Helping women with learning difficulties to access cervical smear tests
M. Orrell (1), Z. Rogg (2), S. Adams (1), N. Mullin (3)
Bridges Centre, Widnes, Cheshire, UK (1); Castlefields Health Centre,
Runcorn, Cheshire, UK (2); Highfield Clinic, Widnes, Cheshire, UK (3)
Background: A survey of 103 women with a range of learning
disabilities (LD) in Widnes and Runcorn (an urban area in North West England)
found only 7 had had a cervical smear within the last 5 years. In 2000, the UK
Government Department of Health issued ‘Good practice in breast and cervical
screening for women with learning difficulties’. A project was set up using
this recent guidance, including a female General Practitioner (GP) and two
specialist nurses in LD.
Objectives: To discover why the uptake of cervical screening was so
low in that group of women. To increase access to cervical cytology by engaging
women with LD along with their carers and support workers.
Design and methods: The GP provided a list of women with LD in her
practice who were eligible of the National Cervical Cytology Screening Programme,
aged between 20 and 64 years. The three professionals decided who should make
contact with each woman, either face to face, by telephone or letter according
to the woman’s needs. A person centred approach was used with consideration of
cognitive abilities. Desensitisation was provided using videos, pictures, the
gynaecological manikin and smear taking equipment.
Results: We identified 25 women with LD, 23 had never had a smear
while 2 women had had a cervical smear in the past. These 2 women attended for a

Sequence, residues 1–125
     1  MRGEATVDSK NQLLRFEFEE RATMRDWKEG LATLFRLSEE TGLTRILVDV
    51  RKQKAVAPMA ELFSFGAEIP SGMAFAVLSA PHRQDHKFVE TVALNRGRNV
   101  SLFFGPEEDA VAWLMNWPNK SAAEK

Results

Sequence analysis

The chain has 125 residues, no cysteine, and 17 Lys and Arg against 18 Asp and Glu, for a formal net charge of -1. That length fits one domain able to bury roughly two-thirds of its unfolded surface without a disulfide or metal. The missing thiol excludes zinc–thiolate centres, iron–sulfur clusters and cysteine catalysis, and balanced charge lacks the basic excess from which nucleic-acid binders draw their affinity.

cervical smear after a reminder. The professionals and carers together decided
that a cervical smear would be too traumatic for 8 women. Despite intensive
efforts, and desensitisation for 6 women, no-one else had a smear. It was
discovered that usually the GP had made the decision regarding the ability of
the woman to cope with a smear and, in some cases, the carer’s were making the
decision for the woman without fully understanding the need for informed
Conclusions: The project led to multi-disciplinary decision making
with each individual, allowing full consideration of all the issues. However,
desensitisation and obtaining informed consent was time consuming. Recalling
past experiences of gynaecological examinations or possible sexual abuse meant
some women were reluctant to even discuss the possibility of having a smear.
Some carer’s saw the procedure as very frightening and possibly harmful to
their clients. A clinical pathway is being developed which local GPs are being
encouraged to follow to increase access to cervical smears by women with LD.